The Government and ruling family are strongly linked to Islam. Non-Muslims, however, serve in government posts. The Ministry of Islamic Affairs controls the construction of mosques, clerical affairs, and Islamic education for adults and new converts. The Amir participates in public prayers during both Eid holiday periods and personally finances the Hajj for citizen and noncitizen pilgrims who cannot otherwise afford to travel to Mecca.
Converting to another religion from Islam is considered apostasy and is technically a capital offense; however, since the country gained independence in 1971, there has been no recorded punishment for such an act.
The Government observes the Islamic holy days of Eid al-Fitr and Eid al-Adha as national holidays.
Both Muslims and non-Muslims are tried under a unified court system, incorporating both secular law and Shari'a (Islamic law), with the exception of a separate limited dispute resolution system for financial service companies managed under the Qatar Financial Center. Separate Shari'a courts were abolished in 2003 following issuance of law number 10 of 2003, although Shari'a is still applied in certain cases. Most notable among these are cases of inheritance and the rules surrounding court testimony. There are also certain types of criminal cases, such as adultery and drunkenness, in which Muslims are tried and punished under Shari'a; however, all proceedings are conducted in the same unified court system.
Convicted Muslims may earn a sentence reduction of a few months by memorizing the Qur'an. Litigants in civil cases may request that Shari'a courts assume jurisdiction in dispute resolution and other civil matters. In 2005, a judicial panel for Shi'a Muslims was established in the courts. The panel decides cases regarding marriage, divorce, inheritance, and other domestic matters. In other religious matters, the country's Family Law applies across branches of Islam.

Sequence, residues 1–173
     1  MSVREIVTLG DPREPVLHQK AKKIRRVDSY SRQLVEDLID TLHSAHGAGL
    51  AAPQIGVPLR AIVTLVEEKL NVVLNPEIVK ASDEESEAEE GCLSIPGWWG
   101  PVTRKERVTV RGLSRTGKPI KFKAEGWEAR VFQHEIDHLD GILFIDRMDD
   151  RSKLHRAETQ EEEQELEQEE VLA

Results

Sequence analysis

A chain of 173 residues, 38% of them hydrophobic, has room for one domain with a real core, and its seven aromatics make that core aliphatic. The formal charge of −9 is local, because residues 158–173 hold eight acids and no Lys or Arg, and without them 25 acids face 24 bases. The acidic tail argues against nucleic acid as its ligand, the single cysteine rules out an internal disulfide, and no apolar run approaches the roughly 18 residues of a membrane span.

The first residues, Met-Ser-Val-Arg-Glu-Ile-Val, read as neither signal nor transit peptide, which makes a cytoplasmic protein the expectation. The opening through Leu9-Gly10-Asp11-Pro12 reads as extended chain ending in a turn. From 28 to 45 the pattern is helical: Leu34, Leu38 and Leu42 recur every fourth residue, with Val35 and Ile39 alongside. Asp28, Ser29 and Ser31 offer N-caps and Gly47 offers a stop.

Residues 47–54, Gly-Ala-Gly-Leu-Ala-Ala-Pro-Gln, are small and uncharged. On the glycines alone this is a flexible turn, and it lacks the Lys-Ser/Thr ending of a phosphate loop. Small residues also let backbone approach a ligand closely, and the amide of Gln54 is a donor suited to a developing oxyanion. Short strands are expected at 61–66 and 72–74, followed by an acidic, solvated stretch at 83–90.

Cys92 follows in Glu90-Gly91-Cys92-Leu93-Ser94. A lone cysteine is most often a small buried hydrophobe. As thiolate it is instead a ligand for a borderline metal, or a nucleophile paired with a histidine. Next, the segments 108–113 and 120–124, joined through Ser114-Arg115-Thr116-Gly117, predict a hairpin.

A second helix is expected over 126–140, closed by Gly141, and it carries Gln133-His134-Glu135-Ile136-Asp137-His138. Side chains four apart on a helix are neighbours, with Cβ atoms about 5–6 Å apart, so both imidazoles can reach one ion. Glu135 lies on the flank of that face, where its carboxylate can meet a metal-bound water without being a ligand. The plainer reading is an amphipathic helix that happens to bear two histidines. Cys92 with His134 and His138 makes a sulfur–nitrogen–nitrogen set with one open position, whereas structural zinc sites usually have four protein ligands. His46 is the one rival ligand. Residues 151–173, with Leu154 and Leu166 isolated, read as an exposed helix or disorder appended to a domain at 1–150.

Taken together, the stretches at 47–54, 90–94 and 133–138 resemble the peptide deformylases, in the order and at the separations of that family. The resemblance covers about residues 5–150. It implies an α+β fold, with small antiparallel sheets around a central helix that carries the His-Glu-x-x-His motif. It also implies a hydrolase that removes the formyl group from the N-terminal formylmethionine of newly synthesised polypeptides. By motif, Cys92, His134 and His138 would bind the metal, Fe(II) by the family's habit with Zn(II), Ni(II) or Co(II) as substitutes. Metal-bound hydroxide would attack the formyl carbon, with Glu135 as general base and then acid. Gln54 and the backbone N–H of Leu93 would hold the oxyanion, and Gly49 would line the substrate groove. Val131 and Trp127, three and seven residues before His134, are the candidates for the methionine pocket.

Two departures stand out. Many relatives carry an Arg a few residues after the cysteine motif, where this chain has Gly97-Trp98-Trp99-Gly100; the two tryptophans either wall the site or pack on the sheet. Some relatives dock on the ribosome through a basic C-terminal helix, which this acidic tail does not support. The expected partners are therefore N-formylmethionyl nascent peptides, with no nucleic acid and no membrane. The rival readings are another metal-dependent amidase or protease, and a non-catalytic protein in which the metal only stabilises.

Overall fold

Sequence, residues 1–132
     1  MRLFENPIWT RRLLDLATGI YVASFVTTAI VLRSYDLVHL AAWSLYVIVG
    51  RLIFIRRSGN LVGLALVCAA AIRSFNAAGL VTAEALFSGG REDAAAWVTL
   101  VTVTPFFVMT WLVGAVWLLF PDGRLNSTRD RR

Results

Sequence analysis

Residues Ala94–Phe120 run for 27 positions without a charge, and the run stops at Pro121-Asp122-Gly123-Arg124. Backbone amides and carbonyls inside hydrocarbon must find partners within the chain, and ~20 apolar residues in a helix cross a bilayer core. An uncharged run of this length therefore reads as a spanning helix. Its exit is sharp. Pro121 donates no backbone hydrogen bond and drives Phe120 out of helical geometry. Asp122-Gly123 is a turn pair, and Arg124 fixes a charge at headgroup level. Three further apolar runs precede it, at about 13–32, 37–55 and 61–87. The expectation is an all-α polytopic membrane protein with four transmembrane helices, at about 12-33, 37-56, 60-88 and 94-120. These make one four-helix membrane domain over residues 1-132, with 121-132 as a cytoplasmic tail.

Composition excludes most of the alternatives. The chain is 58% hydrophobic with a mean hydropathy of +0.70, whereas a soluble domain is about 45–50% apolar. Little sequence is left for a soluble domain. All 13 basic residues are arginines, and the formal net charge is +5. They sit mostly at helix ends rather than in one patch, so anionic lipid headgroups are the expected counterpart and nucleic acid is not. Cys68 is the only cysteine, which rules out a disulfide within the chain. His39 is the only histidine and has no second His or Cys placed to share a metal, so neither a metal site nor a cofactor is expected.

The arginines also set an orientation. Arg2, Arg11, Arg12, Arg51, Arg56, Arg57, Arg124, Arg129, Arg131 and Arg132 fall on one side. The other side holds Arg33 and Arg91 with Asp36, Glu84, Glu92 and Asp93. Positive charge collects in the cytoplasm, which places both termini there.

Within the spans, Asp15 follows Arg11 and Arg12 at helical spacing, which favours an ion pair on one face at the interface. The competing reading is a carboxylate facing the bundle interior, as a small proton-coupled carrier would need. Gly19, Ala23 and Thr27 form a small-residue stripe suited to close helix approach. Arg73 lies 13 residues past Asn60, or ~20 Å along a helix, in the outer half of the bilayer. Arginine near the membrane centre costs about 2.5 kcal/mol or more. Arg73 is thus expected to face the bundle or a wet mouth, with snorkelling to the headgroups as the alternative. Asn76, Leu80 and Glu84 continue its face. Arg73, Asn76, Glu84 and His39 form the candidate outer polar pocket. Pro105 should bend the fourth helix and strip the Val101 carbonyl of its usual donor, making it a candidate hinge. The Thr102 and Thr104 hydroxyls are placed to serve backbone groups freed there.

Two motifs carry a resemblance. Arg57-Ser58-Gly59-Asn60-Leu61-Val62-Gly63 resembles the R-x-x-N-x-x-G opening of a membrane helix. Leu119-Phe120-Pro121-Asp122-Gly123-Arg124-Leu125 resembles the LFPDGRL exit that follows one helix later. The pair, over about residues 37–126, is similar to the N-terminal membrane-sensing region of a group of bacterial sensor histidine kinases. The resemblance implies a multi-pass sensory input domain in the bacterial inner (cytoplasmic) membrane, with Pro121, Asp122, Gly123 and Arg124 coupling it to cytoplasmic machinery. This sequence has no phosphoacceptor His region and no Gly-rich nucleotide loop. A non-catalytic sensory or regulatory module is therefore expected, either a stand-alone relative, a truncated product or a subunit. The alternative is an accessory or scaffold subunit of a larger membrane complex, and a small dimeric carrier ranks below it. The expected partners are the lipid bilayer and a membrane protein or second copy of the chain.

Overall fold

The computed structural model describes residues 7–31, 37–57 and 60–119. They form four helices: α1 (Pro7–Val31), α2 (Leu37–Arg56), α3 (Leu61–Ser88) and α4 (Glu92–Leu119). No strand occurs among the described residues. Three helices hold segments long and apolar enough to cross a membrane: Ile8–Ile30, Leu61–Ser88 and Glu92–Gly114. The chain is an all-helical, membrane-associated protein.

According to the Criminal Code, individuals caught proselytizing on behalf of an organization, society, or foundation of any religion other than Islam may be sentenced to a prison term of up to 10 years. Proselytizing on one's own accord for any religion other than Islam can result in a sentence of up to five years. Individuals who possess written or recorded materials or items that support or promote missionary activity can be imprisoned for up to two years. However, there have been no recorded convictions for proselytizing since the law's 1973 inception following independence.
Religious groups must register with the Ministry of Foreign Affairs (MFA) for legal recognition. The Government maintains an official register of approved major Christian denominations and has granted legal status to the Catholic, Anglican, Greek and other Eastern Orthodox, Coptic, and Indian Christian churches. To be recognized, any denomination must have at least 1,500 members in the country. The MFA also requires smaller congregations to affiliate and worship under the patronage of one of the six recognized churches, all centrally located in Mesaimeer, outside Doha. While several evangelical Christian congregations are not legally recognized because they individually lack the required membership, some organize worship and are provided physical security for their congregations by the Ministry of Interior (MOI) when required. Other religions, including Hinduism, Buddhism, and Baha'ism, are not legally recognized, although adherents are permitted to worship privately in their homes or with others.